Author Topic: Proposed ITS Cargo Modules to Initiate a Chemical Industry on Mars  (Read 12544 times)

Offline CW

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Is polyurethane photo-stable under sunlight? I mean, would it be damaged by sunlight? Couldn't find any info on that so far.. .
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Online speedevil

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Is polyurethane photo-stable under sunlight? I mean, would it be damaged by sunlight? Couldn't find any info on that so far.. .

It will be damaged somewhat, various additives, going all the way to as simple as soot help with that.

Offline ThereIWas3

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Semiconductors are more than Silicon.  There also carefully controlled amounts of other elements and maybe minerals.  (I did take a course in this 45 years ago and have forgotten the details.  All I remember is hairy math involving the concentration probabilities of subatomic particles and quantum stuff.  Probably different now anyway.). It is real nano manufacturing.

I can not think of any reason these elements would NOT be present on Mars, especially in volcanic regions.  But they have to be found and extracted.
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Online speedevil

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Semiconductors are more than Silicon.  <snip>
I can not think of any reason these elements would NOT be present on Mars, especially in volcanic regions.  But they have to be found and extracted.
Modern fabs cost well over a billion dollars.
Yes, you can possibly do interesting useful things with a lower cost fab, but the earth fab has the free availability of all perfectly refined substances essentially free, as well as being mass unconstrained, and easy servicing of machines.

The actual active parts of a chip are ~0.3mm thick at most, so ~0.06g/cm^2, and cost perhaps $20/cm^2. Or $300/g. $300000/kg.

You'd have to be barking mad to try to make them on Mars, for the forseable future. (When you have several million people perhaps).

Even lightweight assembled electronics, are often well over $1000/kg, and it's questionable even in the medium term.

The actual weight of silicon in the active parts of your computer is probably several grams.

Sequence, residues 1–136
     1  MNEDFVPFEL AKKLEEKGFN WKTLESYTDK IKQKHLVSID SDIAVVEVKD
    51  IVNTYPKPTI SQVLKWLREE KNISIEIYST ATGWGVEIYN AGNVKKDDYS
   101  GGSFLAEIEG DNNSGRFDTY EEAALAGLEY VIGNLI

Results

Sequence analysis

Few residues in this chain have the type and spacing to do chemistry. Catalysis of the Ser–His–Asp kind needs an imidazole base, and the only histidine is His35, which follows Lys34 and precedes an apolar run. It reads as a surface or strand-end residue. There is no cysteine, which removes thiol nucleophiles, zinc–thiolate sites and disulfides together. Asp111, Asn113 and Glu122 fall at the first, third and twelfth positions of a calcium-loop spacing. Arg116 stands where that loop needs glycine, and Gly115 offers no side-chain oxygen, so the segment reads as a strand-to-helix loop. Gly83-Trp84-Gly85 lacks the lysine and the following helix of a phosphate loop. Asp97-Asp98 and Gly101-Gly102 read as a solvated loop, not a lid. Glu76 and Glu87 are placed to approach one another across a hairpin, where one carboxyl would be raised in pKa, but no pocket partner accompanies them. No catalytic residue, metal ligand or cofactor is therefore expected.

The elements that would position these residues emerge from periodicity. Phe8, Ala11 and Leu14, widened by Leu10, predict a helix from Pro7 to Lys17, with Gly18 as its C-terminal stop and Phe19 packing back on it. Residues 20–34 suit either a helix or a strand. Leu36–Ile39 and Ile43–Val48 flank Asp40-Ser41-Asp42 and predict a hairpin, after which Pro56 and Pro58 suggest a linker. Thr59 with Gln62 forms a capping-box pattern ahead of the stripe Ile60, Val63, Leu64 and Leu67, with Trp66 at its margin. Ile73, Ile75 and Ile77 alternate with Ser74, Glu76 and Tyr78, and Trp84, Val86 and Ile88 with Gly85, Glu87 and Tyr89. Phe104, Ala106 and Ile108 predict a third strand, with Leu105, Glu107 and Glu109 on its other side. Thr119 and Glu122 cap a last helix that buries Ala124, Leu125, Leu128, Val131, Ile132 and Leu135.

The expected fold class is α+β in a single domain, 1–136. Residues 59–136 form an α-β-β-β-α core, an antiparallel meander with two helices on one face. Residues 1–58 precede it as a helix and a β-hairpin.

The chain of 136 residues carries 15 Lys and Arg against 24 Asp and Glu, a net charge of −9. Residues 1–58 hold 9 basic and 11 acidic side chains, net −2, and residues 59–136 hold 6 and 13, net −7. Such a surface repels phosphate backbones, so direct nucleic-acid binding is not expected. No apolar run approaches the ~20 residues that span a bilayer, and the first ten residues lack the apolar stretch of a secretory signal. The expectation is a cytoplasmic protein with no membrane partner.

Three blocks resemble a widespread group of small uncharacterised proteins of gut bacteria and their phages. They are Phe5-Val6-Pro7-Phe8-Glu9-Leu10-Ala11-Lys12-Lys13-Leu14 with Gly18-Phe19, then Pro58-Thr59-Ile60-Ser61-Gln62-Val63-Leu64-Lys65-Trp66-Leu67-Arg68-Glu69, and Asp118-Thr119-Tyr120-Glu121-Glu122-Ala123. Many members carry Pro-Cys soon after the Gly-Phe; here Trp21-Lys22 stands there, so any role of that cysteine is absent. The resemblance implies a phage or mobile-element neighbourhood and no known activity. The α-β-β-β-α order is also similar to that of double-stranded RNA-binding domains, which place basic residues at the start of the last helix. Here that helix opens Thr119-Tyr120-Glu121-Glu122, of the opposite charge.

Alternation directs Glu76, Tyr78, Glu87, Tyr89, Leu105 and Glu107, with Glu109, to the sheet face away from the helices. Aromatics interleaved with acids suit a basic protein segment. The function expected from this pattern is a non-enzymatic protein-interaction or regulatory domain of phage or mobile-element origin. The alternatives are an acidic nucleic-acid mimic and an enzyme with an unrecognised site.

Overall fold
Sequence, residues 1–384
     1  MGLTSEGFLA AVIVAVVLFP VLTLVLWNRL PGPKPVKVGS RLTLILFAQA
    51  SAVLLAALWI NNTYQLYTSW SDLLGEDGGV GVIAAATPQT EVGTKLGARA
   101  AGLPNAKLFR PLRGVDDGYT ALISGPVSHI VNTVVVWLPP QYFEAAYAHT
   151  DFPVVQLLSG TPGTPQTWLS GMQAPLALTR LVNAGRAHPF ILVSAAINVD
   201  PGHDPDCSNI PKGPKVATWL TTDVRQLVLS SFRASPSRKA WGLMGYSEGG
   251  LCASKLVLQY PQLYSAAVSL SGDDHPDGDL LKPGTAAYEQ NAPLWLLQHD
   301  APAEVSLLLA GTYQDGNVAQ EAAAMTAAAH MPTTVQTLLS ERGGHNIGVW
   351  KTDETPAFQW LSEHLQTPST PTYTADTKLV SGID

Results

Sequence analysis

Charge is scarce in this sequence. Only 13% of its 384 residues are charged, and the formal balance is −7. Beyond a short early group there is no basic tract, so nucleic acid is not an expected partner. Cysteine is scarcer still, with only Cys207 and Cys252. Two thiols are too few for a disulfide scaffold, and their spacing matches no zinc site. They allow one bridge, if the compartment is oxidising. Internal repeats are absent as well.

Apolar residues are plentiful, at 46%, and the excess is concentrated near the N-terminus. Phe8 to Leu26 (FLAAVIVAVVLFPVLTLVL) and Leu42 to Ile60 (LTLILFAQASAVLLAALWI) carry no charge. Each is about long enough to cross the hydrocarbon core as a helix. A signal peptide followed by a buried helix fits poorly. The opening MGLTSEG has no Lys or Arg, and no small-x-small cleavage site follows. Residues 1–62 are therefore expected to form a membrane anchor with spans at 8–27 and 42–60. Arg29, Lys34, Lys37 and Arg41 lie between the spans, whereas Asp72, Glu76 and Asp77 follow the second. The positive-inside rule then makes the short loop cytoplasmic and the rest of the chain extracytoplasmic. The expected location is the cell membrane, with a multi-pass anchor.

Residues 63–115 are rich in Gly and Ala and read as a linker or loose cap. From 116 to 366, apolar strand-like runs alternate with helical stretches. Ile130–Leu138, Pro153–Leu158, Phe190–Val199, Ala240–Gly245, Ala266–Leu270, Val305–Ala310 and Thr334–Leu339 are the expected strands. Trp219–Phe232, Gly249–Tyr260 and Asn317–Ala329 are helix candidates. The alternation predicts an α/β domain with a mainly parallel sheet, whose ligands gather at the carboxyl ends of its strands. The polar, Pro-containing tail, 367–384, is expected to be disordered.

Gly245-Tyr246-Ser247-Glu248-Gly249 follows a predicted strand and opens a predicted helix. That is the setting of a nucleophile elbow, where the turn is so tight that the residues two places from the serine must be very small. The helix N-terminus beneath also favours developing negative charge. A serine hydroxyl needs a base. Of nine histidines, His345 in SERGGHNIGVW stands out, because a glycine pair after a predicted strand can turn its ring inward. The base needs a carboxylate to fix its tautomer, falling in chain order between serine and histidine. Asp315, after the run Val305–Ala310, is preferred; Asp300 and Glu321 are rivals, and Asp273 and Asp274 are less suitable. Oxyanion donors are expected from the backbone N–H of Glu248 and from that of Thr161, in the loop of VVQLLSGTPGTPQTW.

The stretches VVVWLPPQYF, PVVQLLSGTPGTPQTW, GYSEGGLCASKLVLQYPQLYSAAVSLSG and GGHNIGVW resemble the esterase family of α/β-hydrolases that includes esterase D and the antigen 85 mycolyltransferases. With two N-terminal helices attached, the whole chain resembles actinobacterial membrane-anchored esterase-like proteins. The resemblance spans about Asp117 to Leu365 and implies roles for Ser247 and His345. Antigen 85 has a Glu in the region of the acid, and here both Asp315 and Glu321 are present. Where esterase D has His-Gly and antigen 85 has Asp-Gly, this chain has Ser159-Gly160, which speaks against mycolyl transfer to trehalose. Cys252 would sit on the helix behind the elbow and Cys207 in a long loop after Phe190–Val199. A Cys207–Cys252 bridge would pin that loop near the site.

(you can thin the silicon to under a tenth of this thickness, microSD cards, for example are typically ten chips laminated on top of each other.)

Offline Robotbeat

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Computer chips are so small that, with BFR doing logistics, shipping costs are essentially free and there's no reason to make computer chips on Mars.

Different story for power electronics and solar cells, though. A low-resolution fab is just fine for those. It'll be a while until that's necessary, tho.

As far as self-sufficiency, you could fit about a trillion computer chips (not counting packaging, which could be done on Mars) as powerful as the Apollo guidance computer in your pockets. Just stock up! And the low-res power electronics fab could make computer chips in a pinch, but there's no reason to do that.
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Offline ThereIWas3

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Big complex chips, maybe, but here is a YouTube video of engineer Jeri Ellsworth .  Maybe something Mark Watney would know how to do...
"If you want to build a ship, don’t drum up people to collect wood and don’t assign them tasks and work, but rather teach them to long for the endless immensity of the sea" - Antoine de Saint-Exupéry

Online speedevil

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Big complex chips, maybe, but here is a YouTube video of engineer Jeri Ellsworthorth

I'm aware of Jeris work. She has made unreliable low-current, poor performance chips, using commercially produced pure silicon wafers.
This is very similar to the 1952 demonstration of the first IC.

It's as helpful to general electronic use as a black powder rocket is to getting to Mars.

As a general point, modern processes make not only better, but smaller area chips, that are lower power.
A ton of fabricated silicon chips will last a small colony for many years.

Even solar cells are not hideously expensive to ship.
A ton of solar cells will (on earth) cost you $.50/W or so, which is ~$70/m^2 , at .3mm thick, $210K/m^3, or $80K/ton. $80/kilo or so, which is somewhat indicative of how hard they are to make.

You'd want to be able to make the glass on Mars, if using conventional panels - but even at .3mm thick (thinner ones are now generally used, and are worst case), it's quite sane to ship.


Offline Ionmars

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 So many chemicals. So many industries. Here is Lamontagne's rendering of s chemical complex on Mars:  :)

Edit: spelling
« Last Edit: 10/06/2017 01:33 AM by Ionmars »